The meme is now continued by River at Drifting through life.  The rules are so simple as to be almost non-existent.  Post some photos under the title Sunday Selections and link back to River.

Like River I usually run with a theme.  This week my theme is greed.

Each day at least five or six bird species visit us, and many of them eat from our feeders.  The pigeons are particularly insistent about their need for sustenance - and cram a quite astonishing number onto the feed trays.



The corellas, who are also greedy but not nearly so numerous are unimpressed.  They watch for a while...



and then take quite exceptional measures to get all the food to themselves.  They squeeze onto whichever of the feeders they can - and then throw the pigeons off.  Violently.  Dragging them  by the tail feathers and dropping them over the side is not uncommon.  And any pigeon who has the audacity to turn round and challenge the corellas is soundly rapped.  When I can watch without laughing, I will take a video of the scene.

The other greed I am featuring this week is mine.  Two sorts.

When the plumbers destroyed two garden beds and after some plant death in our long hot summer I felt justified in ordering a few spring bulbs.  As did my smaller portion.



And now we have four boxes of Spring bulbs to squeeze into the ground.  I am not going to admit just how many - but three figures is insufficient.  Oops.  Much weeding is underway.  Much work is required.  And, come spring when the blood, sweat and tears are a dim memory I will rejoice.

Yesterday afternoon, after I had weeded the back garden into a semblance of submission, the skinny one planted 50 liliums (twice flowering Matisse lilies and twice flowering Oriental liliums) since they were already shooting when they arrived.  The rest of the lilies will be squeezed somewhere into the front gardens.  

Some of you will remember I did a book cull recently.  The Lifeline book fair took place this weekend.  I wasn't going (really I wasn't).  Then my youngest brother rang and asked me to do a favour for him and pick up a dictionary when I went to the book fair.  So I went.  And picked up his dictionary.  And one or six other books too.  Oops again.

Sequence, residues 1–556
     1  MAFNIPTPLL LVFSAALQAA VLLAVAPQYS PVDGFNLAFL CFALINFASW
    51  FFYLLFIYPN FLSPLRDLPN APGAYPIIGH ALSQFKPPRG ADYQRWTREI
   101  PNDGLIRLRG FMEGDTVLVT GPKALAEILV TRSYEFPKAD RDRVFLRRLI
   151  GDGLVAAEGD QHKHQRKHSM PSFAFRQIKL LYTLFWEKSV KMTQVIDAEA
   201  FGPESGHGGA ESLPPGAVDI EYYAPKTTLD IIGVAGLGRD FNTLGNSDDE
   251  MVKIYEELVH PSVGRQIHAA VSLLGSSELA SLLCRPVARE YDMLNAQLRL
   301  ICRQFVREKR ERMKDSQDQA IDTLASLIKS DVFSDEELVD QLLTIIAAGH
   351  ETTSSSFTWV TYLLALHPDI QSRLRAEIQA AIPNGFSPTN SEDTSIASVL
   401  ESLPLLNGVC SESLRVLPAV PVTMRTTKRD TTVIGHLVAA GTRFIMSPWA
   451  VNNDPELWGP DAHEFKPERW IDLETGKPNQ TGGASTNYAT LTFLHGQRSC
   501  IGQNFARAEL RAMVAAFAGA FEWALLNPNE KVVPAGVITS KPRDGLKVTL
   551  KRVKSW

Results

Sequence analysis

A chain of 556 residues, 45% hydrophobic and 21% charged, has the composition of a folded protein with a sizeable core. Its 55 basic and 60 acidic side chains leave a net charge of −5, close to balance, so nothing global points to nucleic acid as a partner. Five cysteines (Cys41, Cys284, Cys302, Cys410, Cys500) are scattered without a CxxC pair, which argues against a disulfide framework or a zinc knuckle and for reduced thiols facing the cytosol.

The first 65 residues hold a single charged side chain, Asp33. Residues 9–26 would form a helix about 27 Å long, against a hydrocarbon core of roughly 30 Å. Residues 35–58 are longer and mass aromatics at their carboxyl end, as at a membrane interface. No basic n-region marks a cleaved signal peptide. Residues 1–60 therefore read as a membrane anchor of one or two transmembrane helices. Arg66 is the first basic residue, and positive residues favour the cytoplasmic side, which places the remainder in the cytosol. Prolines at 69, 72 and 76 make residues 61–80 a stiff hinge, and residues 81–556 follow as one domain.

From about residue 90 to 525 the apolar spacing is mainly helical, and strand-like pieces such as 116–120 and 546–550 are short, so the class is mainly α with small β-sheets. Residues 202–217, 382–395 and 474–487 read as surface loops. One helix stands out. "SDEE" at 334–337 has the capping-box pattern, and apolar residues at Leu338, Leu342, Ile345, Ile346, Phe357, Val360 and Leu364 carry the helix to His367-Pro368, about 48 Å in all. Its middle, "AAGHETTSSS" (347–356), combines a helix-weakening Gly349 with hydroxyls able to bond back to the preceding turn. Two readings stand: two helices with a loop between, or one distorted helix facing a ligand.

Wednesday, 26 March 2014

Parliamentary Rose Gardens

When we were leaving the balloon festival I stopped to admire some roses outside Old Parliament House.  They were thriving, and reminded me it has been toooooo long since last I went to the Parliamentary Rose Gardens.

The Senate Rose Gardens are perhaps better known, but there are also House of  Representative Gardens.  (And, a few hundred metres away the National Rose Gardens).  So, last Friday we went to check them out.

It was a hot day and has been a hot and dry summer.  The gardens were not at their best - but still lovely.  And the air was perfumed delightfully.  We limited ourselves to the Parliamentary Gardens, and will go to the National Rose Gardens next season, when the roses are in their prime.  The Parliamentary Gardens are free and open to the public.  They can also be hired for special events, and weddings are often held in them.

As usual, many, many photos follow and will happily embiggen if clicked upon.

First the Representative Gardens:
Sadly I don't know the names of many of the roses.  There were tags, but some were missing and some were obviously wrong.  Next season when I am planning to buy more roses I will go back and take detailed notes (and hope that the tags have been updated).











This is Gold Medal - and I think it deserves one.

It's a Winner
 

Starstruck
 




Just Joey
 




Solfaterre
 
Perle d'Or
 


I thought these gardens were delightful - even at the end of the growing season.

Then onto the Senate Gardens - which are on the opposite side of Old Parliament House.  I think I prefer the House of Representative Gardens, but was very happy to wander around in them both.  Interestingly the red roses in both gardens were looooong past their prime.


Jude the Obscure

 








I have no idea what these berries are - but really liked them.


Falstaff
 
Golden Celebration
 




Mme. Alfred Carriere



Gloria Mundi






Lots and lots and lots of roses.  A delight for the senses.